© Wendy Nanan

"My mother would get angry when there was a lot of housework and cooking to be done and I was about to run off to spend the whole day at the Oval. 'Where are you going?' she'd shout. 'Don't you know I need some help?' 'I have to go to the Oval to draw,' I'd answer. She fussed, but I did leave the house, her calling out, 'What time are you coming home?' as I closed the door behind me. But she was such a keen cricket enthusiast, I don't think she really minded at all. Once, she, Dad and I and a group of work buddies went to the Oval. Sunil Gavaskar was batting and he hit a hundred, and my mom ran out onto the field towards him, right past security, to congratulate him! The next day the incident was in the papers, and my mom was so proud. I didn't know she could run like that!"

© Wendy Nanan

"Brian Lara was a schoolboy who came to the crease to bat and stay there as long as possible. He outlasted all his (unequal) partners. He would cry when he was given out but always hid his tears when he walked off the field. One could only imagine the sacrifices made to foster that natural talent and that thirst for playing. Watching Lara, I could feel the grief he felt that his father was not there to see those dreams come to fruition. Every child wants to reward their parents for their time, belief and love, to make them proud, and Lara wasn't able to show his father that he made the West Indies team. All Lara ever wanted to do was to go out there and bat for as long as he could."

© Wendy Nanan

"Going to the Oval to watch international games with my dad and his friends, one treat to look forward to was the snacks on sale, and the sellers. Our preferred choice was Mr Brown's pies. Fried round puffs of dough around questionable fillings, and best of all his stuffed crab backs. They would come in little styrofoam containers, with a white plastic fork sticking out. My dad's friends would indulge me by buying me more than one, a gesture my father would try to refuse on my behalf because they were expensive. I remember salivating when you heard that call echoing across the stands: 'Brown's pies!'"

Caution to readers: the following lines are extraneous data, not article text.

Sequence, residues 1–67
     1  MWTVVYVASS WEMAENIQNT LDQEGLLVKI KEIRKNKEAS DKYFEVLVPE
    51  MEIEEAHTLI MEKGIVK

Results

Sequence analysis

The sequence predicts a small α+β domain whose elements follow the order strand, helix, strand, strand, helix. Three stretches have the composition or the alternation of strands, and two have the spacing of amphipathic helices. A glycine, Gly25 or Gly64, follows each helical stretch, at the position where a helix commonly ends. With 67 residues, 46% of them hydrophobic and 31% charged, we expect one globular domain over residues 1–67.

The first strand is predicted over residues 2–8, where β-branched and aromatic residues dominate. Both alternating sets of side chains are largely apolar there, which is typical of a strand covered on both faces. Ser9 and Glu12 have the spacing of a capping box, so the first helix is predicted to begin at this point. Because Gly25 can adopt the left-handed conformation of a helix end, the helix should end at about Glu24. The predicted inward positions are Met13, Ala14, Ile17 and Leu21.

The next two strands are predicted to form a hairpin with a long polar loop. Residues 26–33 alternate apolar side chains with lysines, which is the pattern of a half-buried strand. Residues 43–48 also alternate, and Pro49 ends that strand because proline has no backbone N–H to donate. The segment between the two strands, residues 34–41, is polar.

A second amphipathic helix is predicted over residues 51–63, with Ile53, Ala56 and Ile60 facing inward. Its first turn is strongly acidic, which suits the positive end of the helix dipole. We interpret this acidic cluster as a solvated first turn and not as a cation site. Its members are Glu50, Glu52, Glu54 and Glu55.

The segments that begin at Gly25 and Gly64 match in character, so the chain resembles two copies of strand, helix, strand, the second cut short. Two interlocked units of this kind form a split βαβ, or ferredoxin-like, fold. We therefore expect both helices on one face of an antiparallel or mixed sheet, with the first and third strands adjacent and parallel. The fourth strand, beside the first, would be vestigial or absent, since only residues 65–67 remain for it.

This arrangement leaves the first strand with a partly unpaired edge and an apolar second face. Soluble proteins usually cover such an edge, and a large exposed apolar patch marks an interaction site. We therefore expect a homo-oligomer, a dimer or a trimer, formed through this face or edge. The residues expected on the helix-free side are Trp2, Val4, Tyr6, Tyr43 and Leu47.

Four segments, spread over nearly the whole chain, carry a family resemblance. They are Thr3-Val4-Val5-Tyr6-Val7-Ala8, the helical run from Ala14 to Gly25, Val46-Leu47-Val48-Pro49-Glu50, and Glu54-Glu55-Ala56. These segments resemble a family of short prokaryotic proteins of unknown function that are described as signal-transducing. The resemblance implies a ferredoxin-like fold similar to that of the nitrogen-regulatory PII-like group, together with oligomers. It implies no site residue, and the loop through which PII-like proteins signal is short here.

© Wendy Nanan

"Local league games at the Oval were poorly attended. You'd get mostly the retired stalwarts and family members of the players. Sometimes things were so quiet, I had a whole empty stand to myself to spread out and work. The downside of that was that sometimes there would be a man who could not bear to see a woman by herself and would just come over to chat me up. But over time, people knew that I was coming there to draw. The cricketers too. They knew that there was this lady in the stands, and they would be teasing me; some would make the funniest fake poses, to entice me to draw them."

While the AMA awaits its reopening, it has made Gosine's documentary about Nanan available to the public; a poetry chapbook in response to her drawings will be released on September 1. For more information email Gosine